17. With the seal properly in place, we came back and bent the little tabs over to lock it in.
18. The window run channel felt is next and this is pretty straightforward to install. It simply unrolls and stuffs into the channel.
19. Typically the glass is installed with a strip of butyl that needs to be purchased from your local glass shop. As things sometimes go, we forgot to pick some up before the day of the shoot. Our glass shops were closed, so we need to pull out our best MacGyver impersonation and use some black gaffers tape. If you have the correct butyl strip the process will be the same except you will only need one layer. We had to apply four layers of tape to the edge of the glass to get it to the correct thickness to take up the slack between the glass and the frame.
20. We carefully persuaded the clear glass into the frame with a rubber mallet. This is not a time to get impatient use light taps with the hammer until the glass fully seats in the frame.
21. Then we came back with a razor blade and cut off the excess tape.
22. The freshly rebuilt vent window assembly can now go back into the car. The run channel will feed down into the door, but it has to be rotated 45-degrees so the lower adjustment stud can go in.
23. Once the stud is down inside the door the assembly is rotated correctly.
24. And then pushed up against the doorframe.
25. There are three very short Phillips screws that go through the doorframe and into the vent window assembly.
26. This small bracket bolts to the doorframe and serves two purposes. The bolt goes through a hole in the vent window assembly and threads into the door itself, but its not tightened just yet. Tightening this will draw the door together closing the gap in the sheetmetal and sealing up against the vent window rubber. The tab sticking up is what the door panel will snap onto.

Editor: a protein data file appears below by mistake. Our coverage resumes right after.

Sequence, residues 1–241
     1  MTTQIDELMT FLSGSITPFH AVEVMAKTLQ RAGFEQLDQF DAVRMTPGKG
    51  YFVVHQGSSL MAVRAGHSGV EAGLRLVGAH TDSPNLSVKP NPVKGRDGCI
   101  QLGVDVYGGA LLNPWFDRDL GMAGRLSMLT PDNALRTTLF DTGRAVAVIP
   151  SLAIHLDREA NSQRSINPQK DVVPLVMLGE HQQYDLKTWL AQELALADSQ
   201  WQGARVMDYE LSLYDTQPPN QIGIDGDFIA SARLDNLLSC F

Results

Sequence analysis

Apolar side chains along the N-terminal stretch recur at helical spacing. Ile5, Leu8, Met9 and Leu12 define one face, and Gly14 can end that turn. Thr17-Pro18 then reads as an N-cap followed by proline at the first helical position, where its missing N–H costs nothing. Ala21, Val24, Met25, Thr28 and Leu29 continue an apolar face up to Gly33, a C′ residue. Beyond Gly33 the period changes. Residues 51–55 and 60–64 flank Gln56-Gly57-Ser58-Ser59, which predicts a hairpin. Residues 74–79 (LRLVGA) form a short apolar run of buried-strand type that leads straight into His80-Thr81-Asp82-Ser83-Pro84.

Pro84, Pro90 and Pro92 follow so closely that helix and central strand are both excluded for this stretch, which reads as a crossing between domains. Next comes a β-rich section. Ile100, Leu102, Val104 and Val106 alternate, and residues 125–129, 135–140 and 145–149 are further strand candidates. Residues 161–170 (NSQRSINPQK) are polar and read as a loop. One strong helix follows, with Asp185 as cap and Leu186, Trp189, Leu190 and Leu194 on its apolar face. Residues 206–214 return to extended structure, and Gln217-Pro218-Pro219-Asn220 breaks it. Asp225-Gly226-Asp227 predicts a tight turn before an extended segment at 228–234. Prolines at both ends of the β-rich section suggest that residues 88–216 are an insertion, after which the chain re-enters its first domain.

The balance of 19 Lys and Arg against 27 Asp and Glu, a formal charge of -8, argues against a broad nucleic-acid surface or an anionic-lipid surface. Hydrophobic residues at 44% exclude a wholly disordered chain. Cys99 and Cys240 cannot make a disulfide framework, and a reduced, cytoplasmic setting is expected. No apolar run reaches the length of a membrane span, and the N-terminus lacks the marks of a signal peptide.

27. This little screw needs to be installed before the bolt is completely tightened to keep the bracket from moving.
28. Now the regulator for the vent window is fed into the door. The regulator has a hole in it that matches the pivot post and once its been slipped over the post and the bolts installed will open the vent window when the window crank is turned.
29. The rear track needs to be unbolted to allow the door glass to come back enough to let the vent window assembly come out and why we are now messing with it. The door glass is rolled all the way up and the rear track brought up tight. Then the nut is tightened.
30. Then the glass is rolled down and the lower adjustment of the channel is brought up tight against the glass and tightened.
31. There you have it folks, the ins-and-outs of vent window rebuilding. Now not only does this El Camino have all its glass, it doesn’t leak water when being washed, or whistle while being driven.